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Enough social rented housing is the only answer to inequality, poverty and social exclusion

By Craig Sanderson, former Chief Executive of Link Housing Association.

 

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The Scottish Government’s consultation paper ‘Housing to 2040’ is a welcome and bold attempt to consider how to build on the effectiveness of the current strategy, which has been to provide an unprecedent level of support for the delivery of a significant volume of new, high-quality social and ‘affordable’ housing.

Some observers have suggested that Scotland cannot afford to continue doing ‘business as usual’ as far as the housing budget is concerned and that other pressing needs (education, health, the police) will have to be favoured post-2021. We must resist the temptation to accept that view by continuing to make a holistic assessment of – and demonstrating – all the social, environmental and economic benefits of investment in social housing. It ain’t broke, so don’t fix it.

We must also remember that the targets of 35,000 social and 15,000 affordable homes, although commendable, still fall short of what is required.

The crux of the mounting crisis is what Scottish Government headlines in Principle 1 of its paper: “The housing system should supply high-quality affordable homes for living in, to shift the balance away from the use of homes as a means to store wealth”. Until folk are disabused of their obsession with home ownership as a means to take advantage of rising house prices in so-called ‘booms’ and to line their pockets for the benefit of their kids or pension pots, then we’re all doomed (pay attention at the back! Read The Spirit Level and Thomas Piketty (both Capital and his latest) and watch the film Push).

It is also essential that significant improvements are achieved by reform of the taxation system, both at national and local government levels. The Scottish Government suggests that taxation and subsidy should promote house price stability. Hear, hear!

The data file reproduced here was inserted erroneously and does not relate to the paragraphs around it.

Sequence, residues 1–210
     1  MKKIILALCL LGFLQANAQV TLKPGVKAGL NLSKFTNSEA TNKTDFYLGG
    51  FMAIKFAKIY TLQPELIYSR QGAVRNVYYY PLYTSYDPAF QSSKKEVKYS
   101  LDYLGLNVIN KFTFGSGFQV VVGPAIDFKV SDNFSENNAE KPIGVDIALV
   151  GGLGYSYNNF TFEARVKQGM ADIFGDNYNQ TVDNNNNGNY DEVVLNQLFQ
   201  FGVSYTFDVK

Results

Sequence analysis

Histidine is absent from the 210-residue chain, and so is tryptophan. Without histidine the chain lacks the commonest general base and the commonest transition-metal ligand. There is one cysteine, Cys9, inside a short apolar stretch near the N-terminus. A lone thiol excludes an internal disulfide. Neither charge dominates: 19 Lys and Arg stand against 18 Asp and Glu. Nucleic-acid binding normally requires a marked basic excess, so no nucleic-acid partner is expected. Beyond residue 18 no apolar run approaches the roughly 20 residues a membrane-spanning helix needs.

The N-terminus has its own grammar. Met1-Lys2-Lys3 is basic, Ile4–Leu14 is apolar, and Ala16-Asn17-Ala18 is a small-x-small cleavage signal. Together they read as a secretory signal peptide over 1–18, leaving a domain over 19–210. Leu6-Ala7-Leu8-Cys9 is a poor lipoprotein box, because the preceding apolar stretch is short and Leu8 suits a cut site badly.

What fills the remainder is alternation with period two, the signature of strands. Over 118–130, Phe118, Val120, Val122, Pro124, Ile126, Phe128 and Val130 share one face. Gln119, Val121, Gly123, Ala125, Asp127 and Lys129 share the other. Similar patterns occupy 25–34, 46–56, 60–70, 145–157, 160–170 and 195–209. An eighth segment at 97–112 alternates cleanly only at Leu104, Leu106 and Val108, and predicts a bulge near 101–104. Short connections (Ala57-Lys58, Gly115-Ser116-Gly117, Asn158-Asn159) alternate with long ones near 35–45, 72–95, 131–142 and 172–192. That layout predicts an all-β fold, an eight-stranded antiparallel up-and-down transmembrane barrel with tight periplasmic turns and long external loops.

During my 14 months as an Edinburgh Poverty Commissioner, I have become even more convinced than I always have been that an adequate supply of high-quality social rented homes is the only answer to inequality, poverty and social exclusion.

Social housing (and I mean ‘social’, not ‘affordable’) supply remains the best curb on rampant house price rises, is built (or retrofitted) to mitigate fuel poverty, is at a rent level appropriate for those in low paid employment or on limited fixed incomes, creates ‘proper’ jobs paying the Living Wage and contributing tax to the Exchequer, improves security, reduces crime, offers ‘quiet’ study for young people, helps local economies and delivers wider social impacts. All the other stuff (like Help to Buy which profits individuals or private developers) is merely Titanic-lifeboat-rearrangement.

Crucially, capital subsidy has got to be recognised for what it is. It is not a gift to the RSL/council but is a guarantee of the long-term availability of genuinely affordable homes for current and future tenants. And it is not actually a ‘grant’ but an investment in the whole nation’s assets.

 

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